Taking cognizance of the incidents of violence against vehicles and drivers of app-based cab companies Ola and Uber, Delhi High Court on Friday directed the Delhi Police to immediately ensure their safety. At the same time, the court said the two drivers’ unions have to “get it out of their head” that they can “extract” something from these companies by agitations, because these business modules will then go away from here and move to “better cities” where they can operate. “You cannot demand anything from plaintiffs except by peaceful commercial negotiations,” the court told the two drivers’ unions.
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“Joint Commissioner of Police (Traffic) or any other officer of equal rank nominated by Commissioner of Police is requested to forthwith ensure that drivers/owners having contract with plaintiffs (Ola and Uber) and wanting to ply are not stopped or blocked from plying and that their vehicles are not damaged,” Justice Rajiv Sahai Endlaw said.
The direction came after Ola and Uber contended that despite the court’s orders earlier this week restraining the two drivers’ unions from blocking or interfering with their services, there have been incidents of violence including burning of a cab.
The two unions — Sarvodaya Driver Association of Delhi (SDAD) and Rajdhani Tourist Drivers’ Union — denied responsibility for such incidents of violence. While SDAD said it has been agitating peacefully with permission, Rajdhani contended that it was only operating tourist cabs and it was SDAD which was involved in the incidents of violence.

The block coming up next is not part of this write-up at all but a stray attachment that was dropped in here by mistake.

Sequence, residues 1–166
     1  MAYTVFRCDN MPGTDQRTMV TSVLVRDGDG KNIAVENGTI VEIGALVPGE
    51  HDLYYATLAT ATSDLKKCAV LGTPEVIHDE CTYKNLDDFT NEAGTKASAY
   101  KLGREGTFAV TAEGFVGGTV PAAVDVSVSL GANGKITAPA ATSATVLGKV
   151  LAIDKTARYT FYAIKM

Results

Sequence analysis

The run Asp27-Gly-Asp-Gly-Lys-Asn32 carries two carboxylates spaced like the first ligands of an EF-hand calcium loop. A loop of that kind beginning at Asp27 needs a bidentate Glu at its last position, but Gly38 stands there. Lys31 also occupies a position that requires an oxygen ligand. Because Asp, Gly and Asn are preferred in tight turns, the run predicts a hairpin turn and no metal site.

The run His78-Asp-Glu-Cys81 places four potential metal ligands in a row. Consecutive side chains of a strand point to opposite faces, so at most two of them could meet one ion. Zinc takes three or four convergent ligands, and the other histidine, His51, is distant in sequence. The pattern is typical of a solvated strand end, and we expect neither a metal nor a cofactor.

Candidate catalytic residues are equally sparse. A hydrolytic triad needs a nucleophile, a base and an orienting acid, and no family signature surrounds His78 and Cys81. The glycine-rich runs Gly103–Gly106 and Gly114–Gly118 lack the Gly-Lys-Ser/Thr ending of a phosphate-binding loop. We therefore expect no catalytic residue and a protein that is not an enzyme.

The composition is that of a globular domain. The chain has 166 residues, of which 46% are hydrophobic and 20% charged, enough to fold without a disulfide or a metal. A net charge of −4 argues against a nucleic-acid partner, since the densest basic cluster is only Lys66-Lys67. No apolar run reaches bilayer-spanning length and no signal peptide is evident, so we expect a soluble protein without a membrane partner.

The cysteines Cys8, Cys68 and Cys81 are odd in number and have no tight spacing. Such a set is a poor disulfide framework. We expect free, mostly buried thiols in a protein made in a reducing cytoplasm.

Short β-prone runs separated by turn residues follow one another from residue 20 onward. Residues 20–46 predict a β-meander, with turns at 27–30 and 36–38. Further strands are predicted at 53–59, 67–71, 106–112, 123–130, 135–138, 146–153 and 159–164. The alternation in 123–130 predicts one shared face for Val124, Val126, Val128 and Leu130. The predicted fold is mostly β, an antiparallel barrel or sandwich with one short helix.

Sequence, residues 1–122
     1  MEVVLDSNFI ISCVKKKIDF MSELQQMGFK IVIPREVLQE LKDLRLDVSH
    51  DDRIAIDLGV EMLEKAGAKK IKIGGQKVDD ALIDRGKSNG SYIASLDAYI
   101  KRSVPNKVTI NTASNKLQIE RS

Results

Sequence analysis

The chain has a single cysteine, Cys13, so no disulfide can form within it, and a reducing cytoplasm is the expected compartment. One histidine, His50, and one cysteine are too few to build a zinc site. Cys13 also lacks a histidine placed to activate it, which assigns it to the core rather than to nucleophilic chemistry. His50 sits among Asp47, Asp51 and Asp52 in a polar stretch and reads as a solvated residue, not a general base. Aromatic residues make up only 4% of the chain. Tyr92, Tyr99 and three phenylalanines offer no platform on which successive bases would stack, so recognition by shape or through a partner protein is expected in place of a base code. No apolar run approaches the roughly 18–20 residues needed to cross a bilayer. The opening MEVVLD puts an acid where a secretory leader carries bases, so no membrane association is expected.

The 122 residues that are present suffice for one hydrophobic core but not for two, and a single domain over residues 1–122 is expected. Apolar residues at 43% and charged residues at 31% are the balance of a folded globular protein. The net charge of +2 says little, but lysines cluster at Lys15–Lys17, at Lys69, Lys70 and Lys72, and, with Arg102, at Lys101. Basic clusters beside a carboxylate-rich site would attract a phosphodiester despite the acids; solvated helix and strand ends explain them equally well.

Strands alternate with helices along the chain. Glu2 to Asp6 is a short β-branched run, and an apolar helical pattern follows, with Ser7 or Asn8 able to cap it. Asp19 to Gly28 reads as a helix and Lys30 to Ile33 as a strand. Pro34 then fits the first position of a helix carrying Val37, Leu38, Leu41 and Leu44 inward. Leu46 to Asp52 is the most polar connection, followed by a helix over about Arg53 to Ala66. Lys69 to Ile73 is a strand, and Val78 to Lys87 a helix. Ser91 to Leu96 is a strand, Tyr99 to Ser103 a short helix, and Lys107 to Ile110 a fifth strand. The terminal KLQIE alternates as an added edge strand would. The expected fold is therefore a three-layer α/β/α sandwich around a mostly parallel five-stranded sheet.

The court, however, noted in its order that “if not by the defendants (SDAD and Rajdhani), then the incidents are happening at behest of the defendants as no one else would be interested in indulging therein”.
It said if such incidents continue the defendants would stand to lose as people would adopt other means of transport and will no longer have faith in them. The court said that if the unions were unhappy with the rates fixed by Ola and Uber, then they have other options, like running as black and yellow taxis, open to them.
The court asked the unions to spread the word that such incidents of violence should not happen so that a peaceful atmosphere is created for a meeting with Ola and Uber. “You cannot demand anything from plaintiffs except by peaceful commercial negotiations,” the court said and listed the matter for further hearing on February 28. During the hearing, Ola and Uber said they have made several efforts for dialogue, but they cannot have meetings while these incidents of violence and “hooliganism” are occurring.
The companies also said that these incidents started after the high court and the government said they are part of the system and set up a panel to formulate a scheme to regulate them.